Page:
slightly blurred image of man on gurney being moved by emergency technicians
Blog August 9, 2016

ICD-10 Acute Myocardial Infarction (AMI) Coding Obstacles

Since ICD-10 came into effect last October, there have been very few fires despite many ominous predictions. Everything seems to be going pretty well. However, several areas have been persistently difficult for coders and CDI specialists. Acute Myocardial Infarction (AMI) documentation is known for being one of those problem spots.

The Challenge

ICD-10 requires an increased specificity compared to its predecessor. The main documentation problems center around the AMI site, the type of AMI, and the timing of the AMI event.

Despite a global reduction in overall AMI morbidity, AMI mortality rates remain the leading cause of death around the world. reports that following an initial AMI, survivors face “a substantial risk” of follow-up cardiovascular events. That creates an even greater imperative to get AMI coding and documentation right. Let’s clarify some of the confusion below.

Location: AMI Site, Artery Involved

A significant number of physicians are under the impression that citing the location in the H&P, progress notes, and/or discharge summary is sufficient. Many also believe that due to the AMI’s documentation, as a result of a cardiac catheterization and placement of a stent in the left anterior descending artery (LAD), that coders are then able to code the LAD AMI site to the satisfaction of ICD-10. Sadly, this is not the case.

If the physician documents the AMI without site-specification, the coder or CDI must then query for the site. Possible AMI locations include:

  • Septal
  • Posterior
  • Lateral
  • Inferoposterior
  • Inferior
  • Basal-Lateral
  • Apical-Lateral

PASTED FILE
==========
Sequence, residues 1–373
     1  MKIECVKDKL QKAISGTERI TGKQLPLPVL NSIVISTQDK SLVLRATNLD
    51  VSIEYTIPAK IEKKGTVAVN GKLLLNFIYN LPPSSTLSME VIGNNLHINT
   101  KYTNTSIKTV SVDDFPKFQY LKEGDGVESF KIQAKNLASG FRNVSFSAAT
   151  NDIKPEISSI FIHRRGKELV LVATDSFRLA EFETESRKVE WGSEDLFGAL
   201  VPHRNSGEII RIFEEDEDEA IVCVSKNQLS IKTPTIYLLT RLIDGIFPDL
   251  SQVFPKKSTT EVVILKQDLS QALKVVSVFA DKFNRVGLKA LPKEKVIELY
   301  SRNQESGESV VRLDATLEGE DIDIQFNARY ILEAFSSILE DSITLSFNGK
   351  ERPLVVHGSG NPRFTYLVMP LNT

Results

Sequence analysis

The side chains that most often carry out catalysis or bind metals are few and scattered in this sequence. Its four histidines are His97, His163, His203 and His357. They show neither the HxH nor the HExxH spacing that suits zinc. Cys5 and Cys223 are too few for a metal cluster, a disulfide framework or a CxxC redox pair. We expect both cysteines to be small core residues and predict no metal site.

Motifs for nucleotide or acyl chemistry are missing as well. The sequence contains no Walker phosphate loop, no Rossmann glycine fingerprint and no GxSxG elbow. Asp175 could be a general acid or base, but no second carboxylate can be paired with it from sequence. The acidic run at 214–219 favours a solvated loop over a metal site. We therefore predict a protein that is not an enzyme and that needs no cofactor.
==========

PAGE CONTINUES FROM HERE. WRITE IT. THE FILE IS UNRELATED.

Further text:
• Anterior

Artery involvement could include:

  • Differing coronary artery of anterior or inferior wall
  • Circumflex coronary artery (CIRC or CIRX)
  • Left anterior descending artery (LAD)
  • Left main coronary artery (LM)

Don’t forget to record whether a patient has had a cardiac catheterization either. The inclusion of the additional information will allow for a better understanding via a query response.


The timeframe has changed with ICD-10 as well. ICD-9 read ‘new’ or ‘acute’ myocardial infarctions to mean having occurred within the last eight weeks. With ICD-10 that has been shortened to 4-weeks. If the physician fails to record the date of the MI, then a query is mandatory.

Additionally, the Centers for Medicare & Medicaid Services (CMS) have also amended their timeframe for ‘acute’ to 4-weeks.

ICD-10 provides options for coding subsequent MIs, new MIs that happen within the designated 4-week ‘acute’ timeline, but it doesn’t capture follow-up episodes of care (sequelae, subsequent, or initial).

And while initially it might sound confusing, what it means is this: CMS will no longer code sequelae, and each new MI will require individual coding.


The final AMI difficulty is type documentation. Some physicians document MI or AMI, while some document STEMI or NSTEMI. AMI types include:

  • Q-wave
  • Non-Q wave, Non-Transmural
  • Non-ST elevation (NSTEMI)
  • ST elevation (STEMI)
  • Other specified

ICD-10 allows for differentiation between non-STEMI and STEMI. ICD-10 notes just one code for non-STEMI, and it includes diagnosis of AMI, defined as either transmural (even with site indicated) or subendocardial. For STEMI, knowledge of the heart wall affected AND the specific offending vessel is required.

Finally, document the patient’s history and tobacco use or dependence whenever possible, as well as thrombolytics used within 24 hours of a patient’s admittance to your facility.

To properly document an AMI in ICD-10 you need three things: location, timing, and type. Telling the patient’s full story may require rendering a little generalized education to providers along with additional queries.

If your facility is having difficulty getting up to speed with ICD-10, let the knowledgeable team at AMN Healthcare help you today!